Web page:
By Toby Killeen
Hi! I am Toby and I’m a 15 year old schoolboy doing work experience in the School of Psychology at the University of Sussex. During the week I have worked all around the School. Here is a short summary of what I did.
On Monday I started off the day by being introduced to Professor Simner and her team at the MULTISENSE Lab, everyone seemed really engaged and friendly. The MULTISENSE lab studies how people integrate their 5 senses, and they also study a condition called synaesthesia which causes a kind of ‘merging of the senses’. However, I was quickly given the opportunity to spend an hour in WORD Lab with PhD student Nicola Fuller, where they study how children learn language. Here I observed a study looking at children’s (age 3-4 yrs) reconstructive memory for words: are words learned better when they’re presented within a repeated story, or within multiple different stories? This experience presented me with an interesting insight into the difficulties that researchers can face when working with children. The child that we were working with seemed to get a tiny bit bored with our stories towards the end but Nicola did a brilliant job keeping her engaged! This was followed by a short trip to the Biological and Clinical Neuroscience Group, where I was working with Dr Sarah King and one of her PhD students, Jonny Robertson. Here I observed genotyping as part of their research project into how certain drugs interact with dopamine receptors 1 and 2. After this, I joined a lab meeting that brought together the synaesthesia researchers who work with Professor Simner and Professor Ward. I gained an understanding of the process of colleagues critiquing and helping each other in their work in a constructive manner. This was followed by lunch and then back to work with a meeting at the Bridge Café where I met with Professor Samantha Cartwright-Hatton and was given a personal introduction to her research on the prevention of child anxiety and, on the transmission of anxious behaviour from parent to child.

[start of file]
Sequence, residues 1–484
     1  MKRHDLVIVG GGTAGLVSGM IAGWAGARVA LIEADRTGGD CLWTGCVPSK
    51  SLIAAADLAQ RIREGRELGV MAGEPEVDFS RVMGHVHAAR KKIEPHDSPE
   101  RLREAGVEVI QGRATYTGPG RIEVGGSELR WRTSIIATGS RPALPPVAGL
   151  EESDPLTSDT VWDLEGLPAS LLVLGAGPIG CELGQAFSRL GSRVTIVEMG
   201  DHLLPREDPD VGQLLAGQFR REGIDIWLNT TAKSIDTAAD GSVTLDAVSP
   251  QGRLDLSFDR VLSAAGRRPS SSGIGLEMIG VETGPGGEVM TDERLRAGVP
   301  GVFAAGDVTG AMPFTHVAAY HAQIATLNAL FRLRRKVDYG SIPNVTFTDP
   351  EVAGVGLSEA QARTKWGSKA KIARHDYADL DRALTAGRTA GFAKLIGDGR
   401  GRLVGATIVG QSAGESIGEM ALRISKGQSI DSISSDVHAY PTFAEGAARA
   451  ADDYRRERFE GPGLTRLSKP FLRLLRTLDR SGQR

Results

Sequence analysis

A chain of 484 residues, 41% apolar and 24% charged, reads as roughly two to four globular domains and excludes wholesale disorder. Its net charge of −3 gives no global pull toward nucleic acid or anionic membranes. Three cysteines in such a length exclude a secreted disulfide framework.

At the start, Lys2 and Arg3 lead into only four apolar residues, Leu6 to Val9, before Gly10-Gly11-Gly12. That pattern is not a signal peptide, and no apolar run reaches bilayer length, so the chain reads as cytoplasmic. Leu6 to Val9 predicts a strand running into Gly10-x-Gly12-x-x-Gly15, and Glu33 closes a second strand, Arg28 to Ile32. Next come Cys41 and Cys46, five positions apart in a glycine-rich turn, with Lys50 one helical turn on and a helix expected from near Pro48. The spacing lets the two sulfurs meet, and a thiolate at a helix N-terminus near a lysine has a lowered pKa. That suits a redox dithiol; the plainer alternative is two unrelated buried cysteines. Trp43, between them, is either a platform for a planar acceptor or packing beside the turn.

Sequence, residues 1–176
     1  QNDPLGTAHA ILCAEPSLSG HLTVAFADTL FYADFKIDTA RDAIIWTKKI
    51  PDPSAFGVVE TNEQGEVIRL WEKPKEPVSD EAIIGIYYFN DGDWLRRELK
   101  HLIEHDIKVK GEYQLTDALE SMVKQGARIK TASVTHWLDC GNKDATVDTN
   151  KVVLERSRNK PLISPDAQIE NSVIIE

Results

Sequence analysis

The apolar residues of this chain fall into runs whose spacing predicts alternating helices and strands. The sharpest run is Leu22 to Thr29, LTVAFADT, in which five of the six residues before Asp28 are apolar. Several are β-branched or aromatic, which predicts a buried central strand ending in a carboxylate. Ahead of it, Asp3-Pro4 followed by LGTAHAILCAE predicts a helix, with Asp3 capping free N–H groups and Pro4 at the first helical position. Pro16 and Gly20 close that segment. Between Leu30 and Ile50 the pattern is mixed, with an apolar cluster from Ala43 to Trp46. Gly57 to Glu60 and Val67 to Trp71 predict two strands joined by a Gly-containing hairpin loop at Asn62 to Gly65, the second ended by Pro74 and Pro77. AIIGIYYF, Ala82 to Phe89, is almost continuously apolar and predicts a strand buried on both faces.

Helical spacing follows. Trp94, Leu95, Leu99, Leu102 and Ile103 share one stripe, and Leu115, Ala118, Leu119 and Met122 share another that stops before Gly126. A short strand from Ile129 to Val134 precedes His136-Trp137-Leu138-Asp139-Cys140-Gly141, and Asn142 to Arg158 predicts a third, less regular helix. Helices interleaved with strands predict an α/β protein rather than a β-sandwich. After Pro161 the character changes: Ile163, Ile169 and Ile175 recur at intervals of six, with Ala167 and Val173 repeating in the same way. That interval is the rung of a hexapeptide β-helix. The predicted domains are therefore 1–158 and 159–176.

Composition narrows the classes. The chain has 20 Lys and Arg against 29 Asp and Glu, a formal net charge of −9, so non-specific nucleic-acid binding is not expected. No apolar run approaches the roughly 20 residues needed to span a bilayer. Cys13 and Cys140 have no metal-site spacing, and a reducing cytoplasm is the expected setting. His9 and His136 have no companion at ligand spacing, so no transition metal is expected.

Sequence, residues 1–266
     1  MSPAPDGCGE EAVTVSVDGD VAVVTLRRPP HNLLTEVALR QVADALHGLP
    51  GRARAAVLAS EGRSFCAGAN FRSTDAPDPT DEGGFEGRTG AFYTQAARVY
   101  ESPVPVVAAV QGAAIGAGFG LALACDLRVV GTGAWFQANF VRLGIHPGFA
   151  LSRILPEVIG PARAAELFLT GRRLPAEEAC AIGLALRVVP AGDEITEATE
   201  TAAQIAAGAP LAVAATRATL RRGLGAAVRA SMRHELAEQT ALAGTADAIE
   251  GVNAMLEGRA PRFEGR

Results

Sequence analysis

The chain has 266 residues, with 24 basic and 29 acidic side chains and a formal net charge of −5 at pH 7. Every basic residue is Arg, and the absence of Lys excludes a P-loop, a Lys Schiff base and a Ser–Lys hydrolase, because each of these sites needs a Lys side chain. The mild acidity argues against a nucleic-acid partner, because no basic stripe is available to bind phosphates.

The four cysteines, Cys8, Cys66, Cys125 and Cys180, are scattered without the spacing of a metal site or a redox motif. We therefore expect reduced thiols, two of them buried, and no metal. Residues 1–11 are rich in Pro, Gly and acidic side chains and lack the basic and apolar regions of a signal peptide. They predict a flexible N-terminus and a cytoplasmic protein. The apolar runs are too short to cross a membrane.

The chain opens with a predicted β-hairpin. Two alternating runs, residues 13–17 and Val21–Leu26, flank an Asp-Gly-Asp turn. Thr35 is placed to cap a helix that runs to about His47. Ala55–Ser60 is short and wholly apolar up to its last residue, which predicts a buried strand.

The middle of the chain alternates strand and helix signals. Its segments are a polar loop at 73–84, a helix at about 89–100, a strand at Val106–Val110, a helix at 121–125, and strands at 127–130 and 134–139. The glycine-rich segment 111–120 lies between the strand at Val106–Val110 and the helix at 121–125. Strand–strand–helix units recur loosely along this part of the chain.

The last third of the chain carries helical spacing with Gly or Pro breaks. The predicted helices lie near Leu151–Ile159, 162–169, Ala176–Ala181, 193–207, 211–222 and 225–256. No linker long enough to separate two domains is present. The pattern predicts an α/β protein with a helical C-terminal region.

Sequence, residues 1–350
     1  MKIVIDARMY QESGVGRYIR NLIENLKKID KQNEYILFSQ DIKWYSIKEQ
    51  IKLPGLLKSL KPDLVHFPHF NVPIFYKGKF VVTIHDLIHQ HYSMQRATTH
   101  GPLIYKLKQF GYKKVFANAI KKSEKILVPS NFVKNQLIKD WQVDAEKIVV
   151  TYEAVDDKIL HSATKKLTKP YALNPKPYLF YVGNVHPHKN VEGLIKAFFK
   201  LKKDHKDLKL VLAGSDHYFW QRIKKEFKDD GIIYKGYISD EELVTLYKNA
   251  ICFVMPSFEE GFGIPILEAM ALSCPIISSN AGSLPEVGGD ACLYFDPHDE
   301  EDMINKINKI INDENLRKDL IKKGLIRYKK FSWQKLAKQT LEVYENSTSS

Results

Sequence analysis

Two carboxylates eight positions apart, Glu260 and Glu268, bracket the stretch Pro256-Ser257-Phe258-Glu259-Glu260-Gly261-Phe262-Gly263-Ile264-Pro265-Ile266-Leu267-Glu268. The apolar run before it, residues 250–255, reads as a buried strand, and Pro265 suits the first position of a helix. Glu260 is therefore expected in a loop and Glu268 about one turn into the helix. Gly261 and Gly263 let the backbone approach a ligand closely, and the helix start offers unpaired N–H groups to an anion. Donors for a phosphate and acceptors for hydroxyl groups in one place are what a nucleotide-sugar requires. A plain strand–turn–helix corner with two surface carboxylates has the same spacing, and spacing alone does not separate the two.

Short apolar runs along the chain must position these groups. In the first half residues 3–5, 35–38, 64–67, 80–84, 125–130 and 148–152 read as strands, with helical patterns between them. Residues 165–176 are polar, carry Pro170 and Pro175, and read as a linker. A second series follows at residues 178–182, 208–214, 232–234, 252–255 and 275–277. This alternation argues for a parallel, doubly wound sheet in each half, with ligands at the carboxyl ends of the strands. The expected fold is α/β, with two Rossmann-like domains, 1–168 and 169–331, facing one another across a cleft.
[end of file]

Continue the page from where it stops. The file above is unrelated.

On Tuesday I started work again with Professor Simner in the MULTISENSE Lab on my main project for the week, in which I helped code and transcribe data from a study of 3500 primary school children. These children (age 6-10yrs) have been tested for their multisensory abilities and their creativity. My role was to code the ‘creative activities’ task, which finds out whether each child in the study prefers activities that are overall creative (e.g., painting) or non-creative (e.g., swimming). The study aims to ask whether children high in multisensory processing (e.g., children with synaesthesia) are more creatively oriented. Following this I spent some time in the ChatLab (Children and Technology Lab) where I worked with MSc students and researchers transcribing conversations between children with autism spectrum conditions (ASC). This was part of a research project looking at how children with disabilities communicate via different media (e.g., Skype, face-to-face).
On Wednesday I spent the majority of my day continuing my work with Professor Simner and coding and transcribing creativity data. During this day I gained a real appreciation for all of the work that goes on in working for a PhD and the research that was involved as I was working alongside several of Professor Simner’s PhD students, including Louisa Rinaldi who is studying synaesthetic children. One PhD student, James Hughes, was very helpful in giving me a lesson on statistics in Psychology, and on the work that goes on in writing a paper for a scientific journal.
Thursday was mainly spent working outdoors with Dr Holly Root-Gutteridge in Stamner Park where we were testing dogs in an animal communication task. My role was to assist Dr Root-Gutteridge in running participants (gaining ethical consent from dog-owners to test their dogs, giving instructions, filming the dogs’ behaviour etc.). Her study is looking at whether dogs respond differently to noises made by puppies, piglets and babies, and she’ll be looking for dog-owners in Stanmer Park over the next 2 weeks. After this, I spent a small section of my time in the MULTISENSE Lab finishing off coding and transcribing data before I was rushed off to the Clinical Imaging and Science Centre where I observed a functional MRI scan co-ordinated by the PhD students of Dr Sophie Forster. This study was looking at internal and external influences on thinking and attention. In this, I was given a lesson on the structure of the brain, how an MRI scan works, the differences between an MRI, CT and a PET scan and I was shown the differences between brain-scans of somebody who has dementia, a healthy brain and somebody who has multiple sclerosis.
I would like to thank everybody at the University of Sussex and the School of Psychology that helped and accommodated me during my short stay at the University. The experience was one that I won’t be forgetting any time soon and it gave me such valuable insight and experience into life at University and the time and effort that goes into research. I would also like to especially thank everybody that I have mentioned in this short blog for allowing me to work with you and for giving me a unique experience that few people my age will have. You were so kind and helpful during my time at the University of Sussex. Thank you.
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